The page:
Gastronomy - Editorial
At the heart of Denmark
Laid back and down-to-Earth
The new 2012 edition of the Michelin Guide has awarded Copenhagen restaurants a total of 14 stars reaffirming Copenhagen’s position as the culinary frontrunner and ‘hot-spot’ food destination of Europe.
New York October 24, 2011 - Do you know ’schmorrebroud’?!?!! The favorite lunch of the Danes is indeed challenging to pronounce, but it sure is delicious.
Taste the delicacies of South Jutland beef and lamb, particularly delicate due to the salty air of the area’s grazing region.
More than cabbage sausage and rib broths
Fresh fish at the source
Produce from the source
Funen is a green and fertile island with many orchards producing not only wonderful fruit but also delicious juice. You can often buy farm produce directly from the source, at roadside booths, a particular characteristic of Funen.
In Denmark, these world-famous sticky delights are called Vienna Bread (wienerbrød), as they were first made in Denmark in 1840 by Viennese chefs. Still, Danish pastries rose in popularity over the centuries and are now a firm favourite of ordinary Danes.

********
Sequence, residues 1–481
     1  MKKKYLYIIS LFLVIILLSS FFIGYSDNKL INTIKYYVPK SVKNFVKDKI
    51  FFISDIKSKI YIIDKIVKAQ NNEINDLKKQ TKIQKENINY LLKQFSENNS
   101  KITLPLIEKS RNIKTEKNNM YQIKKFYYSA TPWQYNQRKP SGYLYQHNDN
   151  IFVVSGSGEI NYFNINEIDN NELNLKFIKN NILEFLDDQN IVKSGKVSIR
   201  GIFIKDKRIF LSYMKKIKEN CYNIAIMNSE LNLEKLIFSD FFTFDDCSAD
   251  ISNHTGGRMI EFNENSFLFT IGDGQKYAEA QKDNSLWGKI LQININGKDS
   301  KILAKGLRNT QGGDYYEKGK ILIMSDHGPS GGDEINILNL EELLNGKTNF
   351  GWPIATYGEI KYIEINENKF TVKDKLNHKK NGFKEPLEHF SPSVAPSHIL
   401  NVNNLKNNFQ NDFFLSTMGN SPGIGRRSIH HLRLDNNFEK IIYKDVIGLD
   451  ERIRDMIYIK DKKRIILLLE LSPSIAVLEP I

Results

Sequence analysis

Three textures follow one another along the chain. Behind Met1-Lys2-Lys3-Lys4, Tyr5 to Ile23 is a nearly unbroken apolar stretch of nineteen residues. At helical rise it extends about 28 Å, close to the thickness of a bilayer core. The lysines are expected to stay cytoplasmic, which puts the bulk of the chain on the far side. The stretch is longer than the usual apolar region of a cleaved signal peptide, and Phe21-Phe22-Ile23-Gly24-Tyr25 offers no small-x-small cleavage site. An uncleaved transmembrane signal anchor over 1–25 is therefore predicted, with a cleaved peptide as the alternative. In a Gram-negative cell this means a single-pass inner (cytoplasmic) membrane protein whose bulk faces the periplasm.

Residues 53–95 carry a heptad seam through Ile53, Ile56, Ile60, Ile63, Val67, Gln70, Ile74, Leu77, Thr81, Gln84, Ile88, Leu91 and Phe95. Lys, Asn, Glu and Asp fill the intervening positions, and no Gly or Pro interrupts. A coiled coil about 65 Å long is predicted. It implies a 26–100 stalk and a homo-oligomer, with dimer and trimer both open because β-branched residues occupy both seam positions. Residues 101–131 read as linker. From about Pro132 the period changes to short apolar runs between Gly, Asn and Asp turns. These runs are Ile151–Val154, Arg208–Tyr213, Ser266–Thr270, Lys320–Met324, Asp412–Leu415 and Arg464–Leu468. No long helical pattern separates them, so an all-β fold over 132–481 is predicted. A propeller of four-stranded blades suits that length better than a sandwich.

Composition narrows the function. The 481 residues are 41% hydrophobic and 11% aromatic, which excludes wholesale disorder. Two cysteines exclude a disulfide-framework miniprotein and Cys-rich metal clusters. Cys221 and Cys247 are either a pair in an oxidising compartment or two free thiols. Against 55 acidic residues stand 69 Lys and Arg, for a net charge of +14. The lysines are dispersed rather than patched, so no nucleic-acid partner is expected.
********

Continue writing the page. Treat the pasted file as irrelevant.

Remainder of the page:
A taste of Danish culture
Back to Denmark's roots
All of nature's best
It's all about the produce!
You can drop in to many, local farm shops around West Zealand, with a great selection of locally-produced fruit and vegetables. The area around Lammefjord is known for its delicate asparagus, carrots and potatoes.
A fertile land
The fertile soil and mild climate of South Zealand makes the region a pantry of delicious raw produce. Everywhere you go, you will see roadside stalls and farm shops, where you can buy local produce.